There are vested benefits rights. This means that an individual has a special interest in protecting or promoting what is for his own personal benefit. Or there are groups trying to support or control an existing system or activity from which they derive a private benefit.
The self-interest of a first-line manager lies in his functional area goals. The external business environment of a first-line manager is also important. Effective first-line managers must support a balance between their own interests and those of others. A first-line manager is like a fish in water; the fish contains water and is in the water. There are internal non-business interests and external non-business interests. Let us take these interests into account.
First, consider the internal interests of a company and the role of the manager in each case. There are two types of first-line managers: functional line managers and general managers. I was a functional line manager as a restaurant manager, accounting manager, and area sales manager, in these functions my success was dedicated to this function. I was general manager of hotels and business office manager; in these functions, I was interested in achieving all functional goals of the company.
Functional first-line managers need to ensure that their area of responsibility achieves the assigned departmental goals. A functional manager is a success when his or her departmental goals are met. Managers who are no longer successful. Acceptable manager goals are within the acceptable range. Managers who exceed their goals are considered for higher management. They are the front-runners. Here is the problem, functional managers must maintain a delicate balance between the interests of their department and those of other departments.
As District Accounting Manager, I approved the credit on sales contracts for equipment sales, a marketing function. If I was too selective, the marketing did not make a quota and the salesperson’s salary suffered. If I was too indulgent, the marketing department exceeded the quota and the salesperson was very satisfied. In my accounting role, I was responsible for paying the contracts. I reported to a Division Accounting Manager who expected me to collect the money for the equipment. I received my promotions and my bonus on how effective I was in collections, not sales. This is the mystery of a first-line manager how to achieve line goals without alienating other departments.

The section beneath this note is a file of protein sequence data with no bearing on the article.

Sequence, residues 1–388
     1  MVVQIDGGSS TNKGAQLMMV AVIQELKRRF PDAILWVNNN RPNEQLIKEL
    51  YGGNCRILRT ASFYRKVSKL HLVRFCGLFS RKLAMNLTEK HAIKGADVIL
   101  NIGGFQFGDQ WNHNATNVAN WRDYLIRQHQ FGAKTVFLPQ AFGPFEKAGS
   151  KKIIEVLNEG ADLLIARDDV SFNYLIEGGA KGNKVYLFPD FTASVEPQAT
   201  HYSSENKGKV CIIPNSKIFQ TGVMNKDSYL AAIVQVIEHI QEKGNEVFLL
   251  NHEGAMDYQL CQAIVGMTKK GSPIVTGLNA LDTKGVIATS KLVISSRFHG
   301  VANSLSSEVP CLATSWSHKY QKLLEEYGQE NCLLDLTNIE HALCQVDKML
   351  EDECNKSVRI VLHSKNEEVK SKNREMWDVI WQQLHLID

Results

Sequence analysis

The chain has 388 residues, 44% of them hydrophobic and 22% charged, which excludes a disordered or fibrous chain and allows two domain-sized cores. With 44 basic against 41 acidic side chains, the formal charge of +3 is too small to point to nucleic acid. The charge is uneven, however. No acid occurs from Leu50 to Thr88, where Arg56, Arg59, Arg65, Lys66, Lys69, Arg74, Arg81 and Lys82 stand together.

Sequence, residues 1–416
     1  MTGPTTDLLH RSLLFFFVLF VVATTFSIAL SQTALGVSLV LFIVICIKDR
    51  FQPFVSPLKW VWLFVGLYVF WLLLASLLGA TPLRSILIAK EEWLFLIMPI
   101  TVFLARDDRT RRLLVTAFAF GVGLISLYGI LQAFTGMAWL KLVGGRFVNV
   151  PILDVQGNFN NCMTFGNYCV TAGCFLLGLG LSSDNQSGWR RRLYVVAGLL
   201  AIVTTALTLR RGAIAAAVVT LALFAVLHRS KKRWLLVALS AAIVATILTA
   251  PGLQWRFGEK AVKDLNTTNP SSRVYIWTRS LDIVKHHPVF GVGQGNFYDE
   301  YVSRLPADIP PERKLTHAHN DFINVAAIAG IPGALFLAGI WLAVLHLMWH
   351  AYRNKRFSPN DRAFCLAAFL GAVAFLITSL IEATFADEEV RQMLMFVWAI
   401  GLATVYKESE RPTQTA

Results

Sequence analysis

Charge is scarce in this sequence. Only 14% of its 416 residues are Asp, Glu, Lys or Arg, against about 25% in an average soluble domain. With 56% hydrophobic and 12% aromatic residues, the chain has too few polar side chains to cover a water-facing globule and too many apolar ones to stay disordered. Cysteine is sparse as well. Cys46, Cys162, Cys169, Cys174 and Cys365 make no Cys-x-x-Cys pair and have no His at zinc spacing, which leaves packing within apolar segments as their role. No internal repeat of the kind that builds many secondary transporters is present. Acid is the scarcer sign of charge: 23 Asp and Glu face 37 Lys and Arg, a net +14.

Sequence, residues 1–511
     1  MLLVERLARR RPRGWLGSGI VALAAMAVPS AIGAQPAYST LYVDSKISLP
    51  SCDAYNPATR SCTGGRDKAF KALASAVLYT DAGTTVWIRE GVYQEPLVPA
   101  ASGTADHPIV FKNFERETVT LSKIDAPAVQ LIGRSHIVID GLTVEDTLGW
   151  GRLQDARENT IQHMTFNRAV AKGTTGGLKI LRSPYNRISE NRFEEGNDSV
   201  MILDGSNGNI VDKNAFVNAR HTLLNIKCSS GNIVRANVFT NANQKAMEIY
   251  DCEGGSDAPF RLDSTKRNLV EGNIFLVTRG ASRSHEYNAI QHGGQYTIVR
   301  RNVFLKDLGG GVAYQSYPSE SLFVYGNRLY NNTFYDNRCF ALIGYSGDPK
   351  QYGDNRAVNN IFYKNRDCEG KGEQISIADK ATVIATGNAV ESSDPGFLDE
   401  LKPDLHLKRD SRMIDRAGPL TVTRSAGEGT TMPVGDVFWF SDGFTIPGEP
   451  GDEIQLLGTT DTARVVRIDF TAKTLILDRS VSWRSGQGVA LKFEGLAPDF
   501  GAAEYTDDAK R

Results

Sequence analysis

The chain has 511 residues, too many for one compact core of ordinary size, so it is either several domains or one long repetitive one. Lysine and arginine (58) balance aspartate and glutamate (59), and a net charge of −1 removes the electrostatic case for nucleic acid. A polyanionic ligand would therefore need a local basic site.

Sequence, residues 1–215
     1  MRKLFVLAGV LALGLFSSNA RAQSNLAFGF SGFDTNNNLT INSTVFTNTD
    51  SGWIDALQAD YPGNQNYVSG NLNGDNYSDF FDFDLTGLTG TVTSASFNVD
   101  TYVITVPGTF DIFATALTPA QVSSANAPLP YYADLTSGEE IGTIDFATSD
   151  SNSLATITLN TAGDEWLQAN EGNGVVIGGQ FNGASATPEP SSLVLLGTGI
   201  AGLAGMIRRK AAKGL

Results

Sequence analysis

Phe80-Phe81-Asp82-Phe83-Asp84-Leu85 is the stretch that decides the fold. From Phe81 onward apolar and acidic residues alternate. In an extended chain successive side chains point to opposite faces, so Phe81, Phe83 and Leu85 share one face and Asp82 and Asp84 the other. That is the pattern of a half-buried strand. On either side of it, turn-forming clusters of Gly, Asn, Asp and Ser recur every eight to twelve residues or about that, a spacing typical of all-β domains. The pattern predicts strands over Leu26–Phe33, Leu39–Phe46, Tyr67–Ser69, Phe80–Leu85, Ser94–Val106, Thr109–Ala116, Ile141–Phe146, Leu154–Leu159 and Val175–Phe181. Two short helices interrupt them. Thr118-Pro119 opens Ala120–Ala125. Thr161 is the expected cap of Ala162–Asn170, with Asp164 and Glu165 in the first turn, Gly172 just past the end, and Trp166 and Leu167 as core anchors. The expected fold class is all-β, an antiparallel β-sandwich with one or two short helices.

Now think about it, if a first-line manager wants to become a general manager, he has to keep the goals of the other departments in perspective. Other first-line managers need to know even if you have a departmental interest; you understand that other departments have a personal interest. They must be seen as cooperation partners to make every manager and the company successful. This is very important and an extremely difficult balance.
If you want to become a middle manager in your functional area, cooperation with other departments is important. In most cases, a middle function manager reports to a middle general manager and a higher function manager. The way to a functional middle manager is difficult, in most cases you have to be at the top of the department’s functional goals. In addition, you must be acceptable to the middle manager. A middle general manager will not want a line function manager who creates problems for other functional areas as a middle function manager.
Now consider the first supervisor as General Manager. I was First-Line Business Office Manager and General Manager, I was responsible for all functions of the company. I had an interest in achieving the goals of accounting, marketing, and operations. I had goals in each of these functions. I reported to a middle-level general manager. I got these positions because I was a successful first line manager. I was also selected for these positions because of my expanded community and company activities. I achieved my functional goals and helped other departments achieve their goals; or, I would never have received these general management positions. As General Manager, my energy was distributed across the functional areas of the company. My success is based on the success of my team in all functional areas. I had a personal interest in all functional areas.
Consider, General Motors, because it did not consider the interest of the community when it did not recall the cars because of the starter problem in their cars. This decision had a tremendous negative impact on the image of General Motors with the public.